May 28th, 2008 at 12:02 am
The article only states that the customs officials asked for it to be returned if found? If this happened in the US, the article would always state that officials are conducting an investigation into what happened or are taking measures to prevent it from happeneing or even that they will discontinue this type of exercise.
Apparantly not in Japan. the only statement from customs is “please return it”.
Let me answer your question. And since he blocks my comment, I'll write it here.
Customs lose hash stash planted in traveler's luggage to train sniffer dogs
NARITA -- Customs officials have lost 124 grams of hashish they planted in an unknowing traveler's luggage to train drug sniffing dogs, the head of Narita Customs said Monday.
Customs officials are banned from using travelers' luggage for training practices, but one worker said it was common practice.
"We want to improve the sniffer dogs' ability, so we have practiced this way several times in the past," the official said on condition of anonymity.
Manpei Tanaka, head of Customs' Narita branch, apologized for the incident.
"It's extremely regrettable that we have invited this sort of situation on ourselves. We will investigate the facts behind the case, provide thorough training and deal strictly with those involved," Tanaka said.
Customs said the hash was stored in a metal container stuffed into the pocket of a soft, black suitcase belonging to one of 283 passengers traveling on Cathay Pacific Flight 520 from Hong Kong to Narita, which arrived at 3:31 p.m. on Sunday. The owner of the suitcase is unknown and passengers were not informed that their luggage would be used to train the drug-seeking dogs.
Customs officials said four customs officials had two sniffer dogs working a luggage conveyor at Narita, but neither was able to find the drugs. Police are asking passengers on the flight about the missing drugs.
Customs regulations require customs officials to prepare luggage for training exercises like the one carried out on Sunday and specifically ban travelers' baggage from being used.(Mainichi Japan) May 26, 2008
Does that answer your question?
(If you feel this is not specified enough, give me some examples from the U.S.articles which will answer your question.)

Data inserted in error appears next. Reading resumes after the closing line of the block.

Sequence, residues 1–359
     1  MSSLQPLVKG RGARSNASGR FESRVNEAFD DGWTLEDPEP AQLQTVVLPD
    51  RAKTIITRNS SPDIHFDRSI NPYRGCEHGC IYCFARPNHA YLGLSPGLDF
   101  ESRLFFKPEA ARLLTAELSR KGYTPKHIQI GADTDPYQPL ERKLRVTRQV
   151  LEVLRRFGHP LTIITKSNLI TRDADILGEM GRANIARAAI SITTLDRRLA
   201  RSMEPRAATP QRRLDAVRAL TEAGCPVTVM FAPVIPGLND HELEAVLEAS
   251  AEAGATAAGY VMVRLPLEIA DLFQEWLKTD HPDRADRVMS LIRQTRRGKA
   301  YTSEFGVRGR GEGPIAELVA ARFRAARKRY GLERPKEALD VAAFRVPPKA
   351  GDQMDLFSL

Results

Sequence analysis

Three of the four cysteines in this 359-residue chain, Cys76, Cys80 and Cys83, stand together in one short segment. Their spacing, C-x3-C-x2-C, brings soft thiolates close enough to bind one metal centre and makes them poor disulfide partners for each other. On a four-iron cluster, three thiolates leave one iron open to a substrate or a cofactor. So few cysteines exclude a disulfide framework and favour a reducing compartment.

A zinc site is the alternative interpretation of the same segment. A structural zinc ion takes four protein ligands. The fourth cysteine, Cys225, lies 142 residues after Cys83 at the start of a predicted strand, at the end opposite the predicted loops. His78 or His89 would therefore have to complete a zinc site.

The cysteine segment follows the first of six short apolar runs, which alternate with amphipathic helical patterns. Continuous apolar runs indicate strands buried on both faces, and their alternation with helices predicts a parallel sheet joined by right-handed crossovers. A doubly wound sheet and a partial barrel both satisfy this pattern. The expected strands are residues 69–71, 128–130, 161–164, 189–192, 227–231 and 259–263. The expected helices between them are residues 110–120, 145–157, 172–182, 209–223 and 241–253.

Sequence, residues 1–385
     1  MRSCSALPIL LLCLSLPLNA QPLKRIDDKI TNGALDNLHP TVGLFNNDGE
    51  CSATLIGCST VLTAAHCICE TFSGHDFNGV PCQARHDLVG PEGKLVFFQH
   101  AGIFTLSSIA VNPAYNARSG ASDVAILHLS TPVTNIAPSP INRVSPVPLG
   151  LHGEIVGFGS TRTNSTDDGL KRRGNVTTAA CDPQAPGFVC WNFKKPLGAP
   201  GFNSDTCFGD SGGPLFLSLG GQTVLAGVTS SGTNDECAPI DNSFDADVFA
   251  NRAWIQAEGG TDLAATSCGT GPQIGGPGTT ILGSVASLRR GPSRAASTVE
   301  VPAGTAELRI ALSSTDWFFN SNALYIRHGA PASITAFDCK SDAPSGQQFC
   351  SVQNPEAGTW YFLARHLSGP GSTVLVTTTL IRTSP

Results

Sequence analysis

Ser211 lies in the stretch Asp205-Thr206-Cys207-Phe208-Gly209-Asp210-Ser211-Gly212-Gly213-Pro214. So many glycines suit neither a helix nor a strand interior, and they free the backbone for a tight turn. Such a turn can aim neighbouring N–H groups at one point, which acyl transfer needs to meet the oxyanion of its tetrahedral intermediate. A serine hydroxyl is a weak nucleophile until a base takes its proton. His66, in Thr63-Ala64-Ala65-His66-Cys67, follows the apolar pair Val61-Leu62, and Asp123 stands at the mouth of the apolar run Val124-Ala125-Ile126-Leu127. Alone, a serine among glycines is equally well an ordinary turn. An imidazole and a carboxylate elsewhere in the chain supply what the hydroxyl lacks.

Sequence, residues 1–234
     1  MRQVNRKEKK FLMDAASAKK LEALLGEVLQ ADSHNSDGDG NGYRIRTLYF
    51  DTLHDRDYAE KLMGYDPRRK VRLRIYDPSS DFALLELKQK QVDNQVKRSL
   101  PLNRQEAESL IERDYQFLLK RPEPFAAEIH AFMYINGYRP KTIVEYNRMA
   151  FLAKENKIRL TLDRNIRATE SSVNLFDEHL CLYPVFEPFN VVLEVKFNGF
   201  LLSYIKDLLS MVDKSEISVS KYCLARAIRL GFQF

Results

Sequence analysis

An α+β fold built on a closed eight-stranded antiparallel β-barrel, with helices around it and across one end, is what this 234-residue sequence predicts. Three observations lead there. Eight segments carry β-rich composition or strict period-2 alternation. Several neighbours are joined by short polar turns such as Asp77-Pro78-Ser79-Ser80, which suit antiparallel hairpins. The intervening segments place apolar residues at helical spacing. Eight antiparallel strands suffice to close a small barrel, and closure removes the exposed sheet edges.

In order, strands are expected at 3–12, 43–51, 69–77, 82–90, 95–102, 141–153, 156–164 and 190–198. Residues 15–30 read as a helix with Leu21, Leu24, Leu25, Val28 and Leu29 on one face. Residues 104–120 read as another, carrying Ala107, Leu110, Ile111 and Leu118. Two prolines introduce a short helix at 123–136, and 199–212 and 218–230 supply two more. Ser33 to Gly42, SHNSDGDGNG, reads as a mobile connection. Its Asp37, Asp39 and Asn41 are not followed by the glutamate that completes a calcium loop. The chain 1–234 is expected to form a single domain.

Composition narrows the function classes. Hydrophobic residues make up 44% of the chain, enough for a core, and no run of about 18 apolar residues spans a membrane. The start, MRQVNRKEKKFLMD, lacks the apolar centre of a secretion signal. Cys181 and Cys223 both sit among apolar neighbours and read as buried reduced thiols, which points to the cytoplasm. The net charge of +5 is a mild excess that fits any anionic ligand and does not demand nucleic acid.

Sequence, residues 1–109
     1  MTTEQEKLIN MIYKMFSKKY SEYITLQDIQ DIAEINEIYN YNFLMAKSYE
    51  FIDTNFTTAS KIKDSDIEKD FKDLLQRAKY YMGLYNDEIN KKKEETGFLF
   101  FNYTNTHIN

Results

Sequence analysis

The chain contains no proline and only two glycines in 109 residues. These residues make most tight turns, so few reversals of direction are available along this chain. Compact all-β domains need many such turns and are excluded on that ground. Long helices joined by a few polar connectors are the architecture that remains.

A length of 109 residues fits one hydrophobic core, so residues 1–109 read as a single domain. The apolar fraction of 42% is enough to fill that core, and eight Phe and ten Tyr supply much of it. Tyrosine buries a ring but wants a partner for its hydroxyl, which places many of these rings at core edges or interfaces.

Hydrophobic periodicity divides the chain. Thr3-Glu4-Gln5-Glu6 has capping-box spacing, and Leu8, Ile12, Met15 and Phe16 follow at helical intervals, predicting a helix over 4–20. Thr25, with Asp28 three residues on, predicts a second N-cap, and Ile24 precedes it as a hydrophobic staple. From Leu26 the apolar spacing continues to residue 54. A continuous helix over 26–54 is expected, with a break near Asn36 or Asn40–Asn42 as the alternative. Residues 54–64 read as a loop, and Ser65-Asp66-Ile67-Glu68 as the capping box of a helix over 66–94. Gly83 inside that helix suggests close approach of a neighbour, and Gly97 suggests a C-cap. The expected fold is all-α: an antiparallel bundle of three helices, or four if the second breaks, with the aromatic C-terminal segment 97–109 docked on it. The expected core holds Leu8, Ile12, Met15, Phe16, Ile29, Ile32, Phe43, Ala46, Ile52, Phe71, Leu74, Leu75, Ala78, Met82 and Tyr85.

Actually if you can read Japanese, and if you look at LB's post, I suppose you didn't ask these questions, because they have answered your question.
Mr Arudou, for some reason, didn't translate them for you despite your question.
I am a bit surprised that somebody read Mr Arudou's articles at face value and I am a bit disappointed that somebody jumps to the conclusion based on Mr Arudos post alone.
What this customs official did was unforgivable.
But I am inclined to agree with LB, I wonder how Mr Arudou's conspiracy theory holds.
Notice Mr Arudou wrote his article based on CNN's article alone. The CNN article does not mention Cathay Pacific Flight.In other words, the CNN article does not give any clue as for whether the custom officer intentionally chose foreigner's suitcase. And yet he concluded the custom officers used foreigners as Guinea Pig . It was purely his speculation.
Now later it turned out the flight was Cathay Pacific. Does it follow that passengers were foreigners? Sure there might be foreigners, but I guess a Cathay Pacific flight from and to Tokyo is also filled with Japanese businessmen.
So far there is no reasonable ground to infer that the customs officer intentionally selected a foreigner's bag.
So Mr Arudou has drawn his conclusion based on his bias.
Mark in Yayoi says
Baggage usually has a label on it indicating the owner.
But if the he knew the label, it must have been much easier to find out the passenger. But the fact is that Tokyo customs office got contact with 283 passenger who were on board to find out the luggage.(ANN News on Japan probe(Incidentally notice nobody holds the conspiracy theory on Japan Probe))
Mark in yayoi also says
It’s inconceivable that the customs official didn’t have some idea that their free training dummy was non-Japanese.
It's inconceivable either that the customs official didn't have some idea that their free training dummy was Japanese.Because there must have been many passengers, Japanese and non-Japanese. Rather it is most likely he didn't think of nationality when he put a bag of marijuana in the luggage.
Is itcommon practice in USA that a customs official set a foreigner up by putting a bag of marijuana in a suitcase? Is that why they hold such a conspiracy theory?